Given the long-term problems with SEPS, some authors have advocated for the use of fully covered SEMS for benign strictures and leaks. In a series of 31 patients with benign pathologies, 28 (90.3%) reported dysphagia relief, while complications were reported in 13 patients (11 cases of migration and 2 cases of chest pain). Forty-one out of forty-three stents placed in this series were successfully removed [27].

Conventional covered SEMS and customised stents have also been used to treat leaks following bariatric surgery, particularly sleeve gastrectomy. These are often long stents, and there is some low-level evidence to suggest that oesophagoduodenal megastents may be better in this regard [28].

Complications and Management

Complications can be divided into procedural-related (early) and post-procedural (delayed, beyond 2 weeks) complications.

Procedural-related complications include oesophageal perforation and/or fistula, aspiration, fever, globus sensation, haemorrhage, stent migration, reflux symptoms and post-procedural chest pain. In one series, early complications were reported in up to 32% of cases, with stent migration being the most common complication. Oesophageal stenting carries a low mortality rate of 0–1.4% [1,2,3, 29]. Major complications are listed in Table 2. Procedural complications are less common with metallic stents as compared to rigid plastic endoprosthesis [3]. Post-procedural chest pain is quite common in the early post-implantation period; however, prolonged pain is only seen in less than 14% of cases [2, 16]. Pain is more severe when using stents with larger diameters and treating proximal strictures [3].

Table 2 Major complications associated with oesophageal stents

Later complications include: perforation; haemorrhage, which in the majority of cases is self-limited but very rarely requires embolisation; stent migration; pain and/or sensation of a foreign body; restenosis or reocclusion due to either tumour ingrowth or overgrowth; occlusion as a result of food bolus; oesophagitis; reflux; fever; fistula formation; airway compromise; and sepsis. In one series of 133 patients, Homann et al. reported a delayed complication rate of 53.4%. Recurrent dysphagia was due to tumour ingrowth (22%), bolus obstruction (21%), stent migration (9%) and respiratory fistulae (9%) [30].

Uncovered stents migrate less (between 0 and 3%) compared to covered stents, and the incidence of migration is higher if stents are positioned across the cardia (6% for uncovered and 32% for covered stents) [2, 3, 16, 29]. One meta-analysis using covered SEMS reported a 26.4% migration rate at a mean of 17 days post-insertion [16, 17]. Further recent studies using fully covered stents reported an overall complication rate of 39.5%, the most common of which is migration (36.3%) [19]. Partially migrated stents within the oesophagus are managed by coaxial insertion of an additional stent with significant overlap. Completely migrated stents are managed with a new stent with or without endoscopic removal of the previous stent from the stomach [3].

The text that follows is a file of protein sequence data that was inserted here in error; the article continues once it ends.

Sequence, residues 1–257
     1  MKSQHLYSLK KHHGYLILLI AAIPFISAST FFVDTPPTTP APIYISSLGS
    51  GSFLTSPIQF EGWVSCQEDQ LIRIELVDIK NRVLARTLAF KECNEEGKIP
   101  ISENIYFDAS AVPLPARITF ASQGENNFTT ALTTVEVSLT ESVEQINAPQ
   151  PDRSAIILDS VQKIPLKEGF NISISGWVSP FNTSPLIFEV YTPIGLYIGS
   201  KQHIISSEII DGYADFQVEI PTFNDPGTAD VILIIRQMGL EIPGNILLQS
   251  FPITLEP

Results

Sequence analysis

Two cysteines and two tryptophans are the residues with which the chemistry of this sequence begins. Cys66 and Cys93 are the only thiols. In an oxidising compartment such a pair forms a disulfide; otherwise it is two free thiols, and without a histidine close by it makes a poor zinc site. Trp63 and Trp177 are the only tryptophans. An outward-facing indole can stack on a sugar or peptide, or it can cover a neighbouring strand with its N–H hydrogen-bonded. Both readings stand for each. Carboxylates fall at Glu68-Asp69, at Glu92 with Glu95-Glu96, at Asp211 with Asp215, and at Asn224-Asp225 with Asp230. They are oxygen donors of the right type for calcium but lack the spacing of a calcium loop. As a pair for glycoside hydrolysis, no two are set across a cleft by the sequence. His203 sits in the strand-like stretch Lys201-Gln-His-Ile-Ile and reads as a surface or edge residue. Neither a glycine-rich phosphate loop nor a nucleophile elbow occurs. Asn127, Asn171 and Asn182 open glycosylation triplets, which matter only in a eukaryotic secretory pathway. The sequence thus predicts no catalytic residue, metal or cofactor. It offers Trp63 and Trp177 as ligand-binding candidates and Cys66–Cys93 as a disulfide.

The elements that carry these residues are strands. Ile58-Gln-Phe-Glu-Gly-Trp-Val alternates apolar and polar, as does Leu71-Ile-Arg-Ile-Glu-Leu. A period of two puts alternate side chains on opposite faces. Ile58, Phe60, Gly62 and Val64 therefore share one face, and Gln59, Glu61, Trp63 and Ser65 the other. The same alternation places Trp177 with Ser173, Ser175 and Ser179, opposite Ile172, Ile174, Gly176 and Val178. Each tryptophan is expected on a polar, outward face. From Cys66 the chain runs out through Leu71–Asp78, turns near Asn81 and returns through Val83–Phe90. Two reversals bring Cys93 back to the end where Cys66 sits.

Re-obstruction due to ingrowth ranges between 17 and 36% for uncovered stents and is uncommon for covered stents [2, 3, 16]. Adverse events, including tumour overgrowth, may occur in up to 60% of the patients who are followed up for long periods [3, 31].

Insertion of a new stent can successfully manage symptoms of both tumour ingrowth and overgrowth. Cases of dysphagia caused by epithelial hyperplasia or granulation can be treated using several techniques such as laser, argon beam treatment and restenting [3]. Rarer reported complications include bowel obstruction due to stent migration, oesophago-pericardial fistula, etc. [1, 32, 33].

Available Oesophageal Stent Designs

Stents may be made of plastic (SEPS) or metal (SEMS), the latter being made of stainless steel or nitinol, and may be fully covered, partly covered or uncovered. Covered SEMS are the primary choice of stent for the management of malignant oesophageal lesions, with their main advantage being the avoidance of tumour ingrowth [1,2,3]. With the improved design of the available devices, including flaring of the proximal segment, dog bone designs, segments of partly uncovered stents and the covering material being on the inside, the previous high risk of migration is now limited [1,2,3, 16]. Further techniques to prevent migration include anchoring sutures or clips if delivered at endoscopy. Covered oesophageal stents are also the first choice in cases of tracheo-oesophageal fistulae and leaks as a result of perforation.